HL Deb 04 March 1943 vol 126 cc429-39

Debate resumed (according to Order) on the Motion moved yesterday by Lord Strabolgi—namely, That an humble Address be presented to His Majesty for Papers relating to the policy of the United Nations to afford all possible aid to the National Government of China in the common cause.


My Lords, as one who lived for some years in China and, therefore learnt to love both that country and its people, I wish to say a very few words upon this Motion. I should like to express our appreciation of, and our gratitude for, the part that China has played in this war for over five long years. She was the first to resist the attacks of the aggressor and she carried on alone for the greater part of the time without the material means necessary for waging a mechanized war. So it is, as the Motion suggests, a fight for the common cause and for principles which we are equally concerned to uphold. She is giving us an illustration and an example of the way in which the will to victory and the determination to continue to exist as an independent nation have enabled her to carry on the struggle in spite of very heavy defeats and the loss of much valuable territory. Again she has shown how to resist attack from outside, as the noble Marquess, Lord Crewe, pointed out yesterday, and she has developed both unity and co-operation. She has shown how, by suffering and sacrifice, a nation does find her soul.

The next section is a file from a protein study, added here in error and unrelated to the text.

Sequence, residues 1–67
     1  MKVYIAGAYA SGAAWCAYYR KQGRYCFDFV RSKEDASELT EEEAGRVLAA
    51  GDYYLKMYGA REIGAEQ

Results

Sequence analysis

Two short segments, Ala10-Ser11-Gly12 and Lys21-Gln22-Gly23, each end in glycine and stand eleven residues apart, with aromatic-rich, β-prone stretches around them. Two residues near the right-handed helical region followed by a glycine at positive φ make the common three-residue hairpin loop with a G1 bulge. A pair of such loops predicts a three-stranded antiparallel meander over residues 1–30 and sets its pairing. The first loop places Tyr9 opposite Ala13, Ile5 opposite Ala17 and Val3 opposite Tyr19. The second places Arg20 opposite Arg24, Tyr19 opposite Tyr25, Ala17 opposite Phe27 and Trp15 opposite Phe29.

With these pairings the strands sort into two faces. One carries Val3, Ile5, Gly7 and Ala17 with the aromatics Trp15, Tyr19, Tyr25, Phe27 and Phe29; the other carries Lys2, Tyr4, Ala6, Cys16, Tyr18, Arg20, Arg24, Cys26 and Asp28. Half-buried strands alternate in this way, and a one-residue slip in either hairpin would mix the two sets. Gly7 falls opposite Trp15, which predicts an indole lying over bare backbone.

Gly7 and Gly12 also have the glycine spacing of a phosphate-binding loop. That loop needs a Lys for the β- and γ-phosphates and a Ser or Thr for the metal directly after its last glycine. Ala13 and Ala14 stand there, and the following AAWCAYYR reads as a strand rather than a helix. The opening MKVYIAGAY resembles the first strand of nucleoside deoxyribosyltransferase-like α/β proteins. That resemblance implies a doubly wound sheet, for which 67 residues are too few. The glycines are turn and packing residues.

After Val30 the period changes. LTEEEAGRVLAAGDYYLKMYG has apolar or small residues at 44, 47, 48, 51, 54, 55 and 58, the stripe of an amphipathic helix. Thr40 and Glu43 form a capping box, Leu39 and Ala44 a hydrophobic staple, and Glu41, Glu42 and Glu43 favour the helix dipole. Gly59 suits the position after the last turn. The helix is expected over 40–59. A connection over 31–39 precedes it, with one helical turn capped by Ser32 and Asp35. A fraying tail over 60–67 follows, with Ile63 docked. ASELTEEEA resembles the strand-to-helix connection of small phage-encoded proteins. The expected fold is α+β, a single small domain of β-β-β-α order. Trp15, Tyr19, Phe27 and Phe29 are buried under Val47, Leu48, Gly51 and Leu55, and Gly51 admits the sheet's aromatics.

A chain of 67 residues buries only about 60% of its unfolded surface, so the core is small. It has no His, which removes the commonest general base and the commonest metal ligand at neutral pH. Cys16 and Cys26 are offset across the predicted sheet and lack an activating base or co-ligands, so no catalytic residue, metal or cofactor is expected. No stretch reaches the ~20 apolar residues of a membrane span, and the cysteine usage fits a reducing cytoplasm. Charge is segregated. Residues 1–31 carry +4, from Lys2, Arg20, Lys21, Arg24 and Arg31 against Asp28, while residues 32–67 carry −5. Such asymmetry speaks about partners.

I would like to support the invitation which has been given to Madame Chiang Kai-shek to visit this country and to say that I hope very much that she will be able to respond to that invitation. I feel that we may then express our admiration for the Christian leadership which she and the Generalissimo have given to their country and for the way in which their country has responded to it. We may also, I think, be able to plan together the way in which we may best play our parts towards achieving success in our common task, both in the struggle which is going on now and in the establishment of a new world order in that part of the world in which we are interested. So I would support the Motion of the noble Lord, Lord Strabolgi, suggesting as it does that we should do all in our power to give all possible aid to the National Government of China in the common cause. I regard this as a pledge and a token of our fellowship and cooperation in our common cause, and I earnestly hope that that fellowship and that co-operation will continue to increase as time goes on in accordance with the circumstances in which we find ourselves placed.


My Lords, I rise to reply to the debate on the Motion standing in the name of the noble Lord, Lord Strabolgi, which was cut short yesterday in so tragic a manner. I think that no one in this House will be surprised that the noble Lord should have tabled the Motion. The question of the welfare of China is one which is very near to all our hearts. The sympathy which is felt for her in her long and bitter struggle is universal in this country. It is a question on which, as I think the noble Lord, Lord Strabolgi, has already said, we are all absolutely united. I am glad that there has been no suggestion from any quarter in this debate that His Majesty's Government or the Government of the United States have been in any way half-hearted in the assistance which they have given to the Chinese people and to the Chinese Government. Indeed that is far from being the case. Our policy remains what it has always been: to give to China all the aid in our power for the prosecution of the war against the common enemy.